One of the most difficult challenges to achieving durable solutions for persons displaced in ethnic or sectarian conflicts arises where the homes and lands they left behind have been destroyed or occupied by others. Without access to their most basic assets, displaced persons tend to remain vulnerable and dependent and face uncertain prospects of return. Restitution of such properties is usually both politically sensitive and legally complicated, but is increasingly recognized as a crucial component for the sustainability of peace settlements. However, while significant progress has been made in terms of recognition of the issue and development of general standards, implementation in post-conflict settings has remained inconsistent and ad hoc.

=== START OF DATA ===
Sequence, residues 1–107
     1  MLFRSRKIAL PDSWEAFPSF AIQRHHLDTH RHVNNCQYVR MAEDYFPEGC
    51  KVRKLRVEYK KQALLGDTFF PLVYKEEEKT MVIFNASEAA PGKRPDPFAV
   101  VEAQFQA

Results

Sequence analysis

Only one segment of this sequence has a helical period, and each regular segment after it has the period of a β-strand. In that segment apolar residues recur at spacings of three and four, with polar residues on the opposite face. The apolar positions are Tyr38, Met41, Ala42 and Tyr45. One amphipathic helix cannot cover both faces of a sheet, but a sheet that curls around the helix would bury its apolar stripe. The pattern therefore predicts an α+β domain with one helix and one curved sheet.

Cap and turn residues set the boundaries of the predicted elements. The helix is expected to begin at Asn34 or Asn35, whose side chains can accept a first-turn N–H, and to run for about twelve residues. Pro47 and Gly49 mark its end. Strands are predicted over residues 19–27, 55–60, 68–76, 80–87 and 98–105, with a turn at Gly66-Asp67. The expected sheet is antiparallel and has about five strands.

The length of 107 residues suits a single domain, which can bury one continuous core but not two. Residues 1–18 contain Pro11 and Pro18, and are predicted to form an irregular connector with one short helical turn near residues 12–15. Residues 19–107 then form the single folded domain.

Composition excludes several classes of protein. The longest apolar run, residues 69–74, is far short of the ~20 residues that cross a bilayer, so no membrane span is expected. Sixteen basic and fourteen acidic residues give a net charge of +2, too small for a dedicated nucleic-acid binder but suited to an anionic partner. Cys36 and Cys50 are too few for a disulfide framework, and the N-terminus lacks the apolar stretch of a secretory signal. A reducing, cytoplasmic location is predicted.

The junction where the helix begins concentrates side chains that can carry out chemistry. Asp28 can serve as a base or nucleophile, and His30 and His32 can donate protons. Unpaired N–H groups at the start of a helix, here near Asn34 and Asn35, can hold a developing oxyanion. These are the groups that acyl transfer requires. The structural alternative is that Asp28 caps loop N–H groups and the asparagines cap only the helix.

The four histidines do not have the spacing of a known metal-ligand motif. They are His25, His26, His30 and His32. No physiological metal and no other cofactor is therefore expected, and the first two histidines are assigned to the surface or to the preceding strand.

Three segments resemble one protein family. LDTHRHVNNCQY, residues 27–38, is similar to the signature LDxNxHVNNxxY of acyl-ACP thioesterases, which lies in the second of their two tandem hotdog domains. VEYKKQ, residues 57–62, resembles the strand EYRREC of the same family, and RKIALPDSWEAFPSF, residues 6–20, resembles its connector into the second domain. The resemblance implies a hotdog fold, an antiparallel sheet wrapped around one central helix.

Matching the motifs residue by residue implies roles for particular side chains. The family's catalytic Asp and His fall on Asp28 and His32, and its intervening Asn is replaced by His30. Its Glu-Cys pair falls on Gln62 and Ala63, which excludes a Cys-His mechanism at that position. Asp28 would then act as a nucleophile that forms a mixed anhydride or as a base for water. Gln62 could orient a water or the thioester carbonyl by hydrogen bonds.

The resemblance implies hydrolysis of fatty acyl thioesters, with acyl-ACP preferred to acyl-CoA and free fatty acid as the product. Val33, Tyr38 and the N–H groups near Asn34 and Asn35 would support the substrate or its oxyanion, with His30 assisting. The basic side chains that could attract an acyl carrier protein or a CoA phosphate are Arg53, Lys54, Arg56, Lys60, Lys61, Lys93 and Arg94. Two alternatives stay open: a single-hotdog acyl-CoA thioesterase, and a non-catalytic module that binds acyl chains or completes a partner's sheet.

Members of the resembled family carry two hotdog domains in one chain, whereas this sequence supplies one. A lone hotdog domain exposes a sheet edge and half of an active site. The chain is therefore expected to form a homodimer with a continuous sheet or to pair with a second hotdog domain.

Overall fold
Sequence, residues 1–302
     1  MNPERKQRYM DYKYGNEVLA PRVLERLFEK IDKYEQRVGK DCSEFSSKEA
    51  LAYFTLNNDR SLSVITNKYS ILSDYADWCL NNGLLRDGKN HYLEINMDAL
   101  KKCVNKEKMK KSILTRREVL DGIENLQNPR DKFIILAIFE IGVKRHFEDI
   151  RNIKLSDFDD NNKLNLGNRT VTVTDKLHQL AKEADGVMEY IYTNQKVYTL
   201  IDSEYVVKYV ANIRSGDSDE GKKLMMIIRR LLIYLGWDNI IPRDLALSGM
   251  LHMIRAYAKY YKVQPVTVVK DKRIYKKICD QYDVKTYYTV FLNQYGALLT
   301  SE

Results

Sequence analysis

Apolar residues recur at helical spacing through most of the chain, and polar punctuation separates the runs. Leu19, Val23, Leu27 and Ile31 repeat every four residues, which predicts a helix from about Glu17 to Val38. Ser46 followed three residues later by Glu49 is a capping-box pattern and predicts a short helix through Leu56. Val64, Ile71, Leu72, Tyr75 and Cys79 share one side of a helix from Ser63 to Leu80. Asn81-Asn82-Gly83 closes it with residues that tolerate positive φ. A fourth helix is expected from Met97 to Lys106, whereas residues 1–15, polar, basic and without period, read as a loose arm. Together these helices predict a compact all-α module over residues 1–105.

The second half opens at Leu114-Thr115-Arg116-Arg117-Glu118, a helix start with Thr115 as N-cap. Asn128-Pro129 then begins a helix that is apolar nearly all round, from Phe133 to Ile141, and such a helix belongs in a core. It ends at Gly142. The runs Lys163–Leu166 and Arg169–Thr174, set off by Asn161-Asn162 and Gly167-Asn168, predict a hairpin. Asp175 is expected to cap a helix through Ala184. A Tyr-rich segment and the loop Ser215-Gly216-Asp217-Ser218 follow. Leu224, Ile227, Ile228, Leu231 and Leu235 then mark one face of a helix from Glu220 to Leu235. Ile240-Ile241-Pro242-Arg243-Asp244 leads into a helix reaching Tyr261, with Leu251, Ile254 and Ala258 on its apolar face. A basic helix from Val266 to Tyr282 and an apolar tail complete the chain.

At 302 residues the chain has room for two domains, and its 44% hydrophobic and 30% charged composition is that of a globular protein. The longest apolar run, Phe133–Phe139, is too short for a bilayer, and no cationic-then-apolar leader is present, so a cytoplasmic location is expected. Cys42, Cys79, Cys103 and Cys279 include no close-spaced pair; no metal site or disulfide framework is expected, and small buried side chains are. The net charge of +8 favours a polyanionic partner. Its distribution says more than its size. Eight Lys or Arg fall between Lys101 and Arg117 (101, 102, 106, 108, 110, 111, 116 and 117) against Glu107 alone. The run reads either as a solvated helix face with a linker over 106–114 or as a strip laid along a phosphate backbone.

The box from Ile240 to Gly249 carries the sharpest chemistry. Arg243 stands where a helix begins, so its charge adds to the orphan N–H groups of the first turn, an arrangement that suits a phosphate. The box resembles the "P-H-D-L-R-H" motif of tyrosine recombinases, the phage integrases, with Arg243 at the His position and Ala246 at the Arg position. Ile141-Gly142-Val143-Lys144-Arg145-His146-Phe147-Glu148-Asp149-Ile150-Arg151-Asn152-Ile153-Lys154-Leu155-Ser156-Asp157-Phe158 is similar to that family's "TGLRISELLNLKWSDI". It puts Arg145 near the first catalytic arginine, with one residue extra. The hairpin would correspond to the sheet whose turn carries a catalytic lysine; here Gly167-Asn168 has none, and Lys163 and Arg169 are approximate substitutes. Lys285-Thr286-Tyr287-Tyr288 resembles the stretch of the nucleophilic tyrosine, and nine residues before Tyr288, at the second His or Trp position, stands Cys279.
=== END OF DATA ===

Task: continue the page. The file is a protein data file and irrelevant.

On Monday, June 9, from 3:00-5:00pm, the Brookings-Bern Project on Internal Displacement hosted a round-table discussion on the opportunities and challenges posed by property issues in post-conflict displacement settings. The speakers addressed the effort to develop consistent and principled approaches to property issues since the end of the Cold War, the results of these efforts to date in concrete post-conflict settings such as Bosnia and Iraq, and the challenges posed by attempts to resolve these issues in settings where property is held in informal or customary tenure, as in much of Africa.